There is limited information on how altitude impacts performance in a team sport. Most altitude research in football has been conducted at high elevation ( > 2500m), resulting in a chasm of understanding whether low to moderate altitude affects performance. The South African Premier Soccer League (PSL) fixtures entail matches played at altitudes from sea level to 1700m above mean sea level. Despite coaches highlighting the effect of altitude on performance outcomes in matches, further research is needed to establish whether altitude does impact match results. Greater insight into if and how altitude impacts performance in the PSL will assist coaches in deciding if and how to incorporate altitude in their planning. The purpose of this study is to fill in this gap through the use of a retrospective analysis of PSL matches. This quantitative study is based on a descriptive analysis of 181 PSL matches involving one team based at sea-level, taking place over a period of thirteen seasons. The following data were obtained: altitude at which the match was played, match result, the timing of goals, and timing of substitutions. The altitude was classified in 2 ways: inland ( > 500m) and coastal ( < 500m) and also further subdivided into narrower categories ( < 500m, 500-1000m, 1000-1300m; 1300-1500m, > 1500m). The analysis included a 2-sample t-test to determine differences in total goals scored and timing of goals for inland and coastal matches and the chi-square test to identify the significance of altitude on match results. The level of significance was set at the alpha level of 0.05. Match results are significantly affected by the altitude and level of altitude within inland teams most likely to win when playing at inland venues (p=0.000). The proportion of draws was slightly higher at the coast. At altitudes between 500-1000m, 1300-1500m, and 1500-1700m, a greater percentage of matches were won by coastal teams as opposed to draws. The timing of goals varied based on the team’s base altitude and the match elevation. The most significant differences were between 36-40 minutes (p=0.023), 41-45 minutes (p=0.000) and 50-65 minutes (p=0.000). When breaking down inland team’s matches to different altitude categories, greater differences were highlighted. Inland teams scored more goals per minute between 10-20 minute (p=0.009), 41-45 minutes (p=0.003) and 50-65 minutes (p=0.015). The total number of goals scored per match at different altitudes by a) inland teams (p=0.000), b) coastal teams (p=0.006). Coastal teams made significantly more substitutions when playing at altitude (p=0.034), although there were no significant differences when comparing the different altitude categories. The timing of all three changes, however, did vary significantly at the different altitudes. There were no significant differences in timing or number of substitutions for inland teams. Match results and timing of goals are influenced by altitude, with differences between the level of altitude also playing a role. The trends indicate that inland teams win more matches when playing at altitude against coastal teams, and they score more goals just prior to half-time and in the first quarter of the second half.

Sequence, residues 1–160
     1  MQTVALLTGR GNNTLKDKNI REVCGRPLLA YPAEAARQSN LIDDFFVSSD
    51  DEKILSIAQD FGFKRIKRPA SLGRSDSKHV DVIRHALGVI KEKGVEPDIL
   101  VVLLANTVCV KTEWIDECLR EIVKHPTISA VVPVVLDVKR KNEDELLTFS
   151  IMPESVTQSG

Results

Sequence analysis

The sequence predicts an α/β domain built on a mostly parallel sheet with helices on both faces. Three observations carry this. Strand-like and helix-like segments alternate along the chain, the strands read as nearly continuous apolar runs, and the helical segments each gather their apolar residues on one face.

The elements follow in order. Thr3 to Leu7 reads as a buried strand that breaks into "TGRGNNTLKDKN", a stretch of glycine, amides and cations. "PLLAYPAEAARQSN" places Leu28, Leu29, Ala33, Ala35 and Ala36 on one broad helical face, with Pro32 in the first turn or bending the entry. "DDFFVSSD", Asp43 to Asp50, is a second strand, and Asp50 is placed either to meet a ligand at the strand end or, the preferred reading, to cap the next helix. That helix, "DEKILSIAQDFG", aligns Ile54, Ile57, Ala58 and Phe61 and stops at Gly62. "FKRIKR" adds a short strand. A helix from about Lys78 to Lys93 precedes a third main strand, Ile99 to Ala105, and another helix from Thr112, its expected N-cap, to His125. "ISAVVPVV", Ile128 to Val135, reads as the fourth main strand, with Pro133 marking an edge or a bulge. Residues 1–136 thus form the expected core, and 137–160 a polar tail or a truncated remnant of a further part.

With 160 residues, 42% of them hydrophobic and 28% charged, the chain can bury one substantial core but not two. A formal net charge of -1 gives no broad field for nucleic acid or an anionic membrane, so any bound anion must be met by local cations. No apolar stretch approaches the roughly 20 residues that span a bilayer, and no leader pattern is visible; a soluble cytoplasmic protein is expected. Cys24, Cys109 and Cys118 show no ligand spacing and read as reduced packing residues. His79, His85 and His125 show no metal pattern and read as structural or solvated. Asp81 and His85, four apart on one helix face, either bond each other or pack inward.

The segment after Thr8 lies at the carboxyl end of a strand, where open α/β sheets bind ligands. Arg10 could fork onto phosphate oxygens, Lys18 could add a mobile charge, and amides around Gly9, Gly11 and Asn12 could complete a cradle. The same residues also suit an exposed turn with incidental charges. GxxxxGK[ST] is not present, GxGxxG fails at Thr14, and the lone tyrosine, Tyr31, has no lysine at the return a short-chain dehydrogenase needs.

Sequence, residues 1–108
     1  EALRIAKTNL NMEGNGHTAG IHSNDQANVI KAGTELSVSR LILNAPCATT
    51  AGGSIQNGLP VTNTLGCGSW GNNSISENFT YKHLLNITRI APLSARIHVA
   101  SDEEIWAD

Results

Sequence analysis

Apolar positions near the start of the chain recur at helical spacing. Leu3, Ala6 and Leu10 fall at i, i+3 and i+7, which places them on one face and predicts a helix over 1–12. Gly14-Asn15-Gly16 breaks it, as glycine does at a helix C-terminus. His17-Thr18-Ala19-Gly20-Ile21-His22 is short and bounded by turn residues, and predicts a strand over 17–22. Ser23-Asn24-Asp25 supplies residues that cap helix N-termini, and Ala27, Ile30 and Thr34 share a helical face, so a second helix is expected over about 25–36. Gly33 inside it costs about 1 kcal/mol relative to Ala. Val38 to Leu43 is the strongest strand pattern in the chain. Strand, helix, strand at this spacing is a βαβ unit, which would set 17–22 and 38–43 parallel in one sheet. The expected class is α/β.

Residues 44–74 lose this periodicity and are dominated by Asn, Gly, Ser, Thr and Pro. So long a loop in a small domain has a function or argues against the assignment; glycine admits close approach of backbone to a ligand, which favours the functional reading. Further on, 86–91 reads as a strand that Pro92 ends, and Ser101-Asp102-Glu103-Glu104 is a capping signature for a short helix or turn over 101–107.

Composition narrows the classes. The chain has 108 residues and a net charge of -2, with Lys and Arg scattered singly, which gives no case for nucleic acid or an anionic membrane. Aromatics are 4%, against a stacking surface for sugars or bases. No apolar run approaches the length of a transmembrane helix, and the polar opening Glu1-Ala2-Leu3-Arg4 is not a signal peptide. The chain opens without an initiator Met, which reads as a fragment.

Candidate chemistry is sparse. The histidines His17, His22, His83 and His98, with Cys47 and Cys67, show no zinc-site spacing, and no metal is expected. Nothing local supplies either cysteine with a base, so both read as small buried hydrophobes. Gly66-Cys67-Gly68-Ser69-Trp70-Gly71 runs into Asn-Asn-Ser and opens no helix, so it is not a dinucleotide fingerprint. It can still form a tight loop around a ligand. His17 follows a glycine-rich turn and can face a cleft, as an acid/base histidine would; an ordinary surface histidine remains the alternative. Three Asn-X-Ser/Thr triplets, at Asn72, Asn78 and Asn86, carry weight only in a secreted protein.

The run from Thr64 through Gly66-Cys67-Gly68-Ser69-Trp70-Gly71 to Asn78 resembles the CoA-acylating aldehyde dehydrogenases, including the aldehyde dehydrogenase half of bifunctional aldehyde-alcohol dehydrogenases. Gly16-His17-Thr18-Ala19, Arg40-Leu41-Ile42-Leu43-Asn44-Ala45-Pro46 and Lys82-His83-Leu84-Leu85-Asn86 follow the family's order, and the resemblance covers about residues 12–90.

Keywords: coastal teams, inland teams, timing of goals, results, substitutions

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15510 Effects of Different Load on Physiological, Hematological, Biochemical, Cytokines Indices of Zanskar Ponies at High Altitude

Authors: Prince Vivek, Vijay Kumar Bharti, Deepak Kumar, Rohit Kumar, Kapil Nehra, Dhananjay Singh, Om Prakash Chaurasia, Bhuvnesh Kumar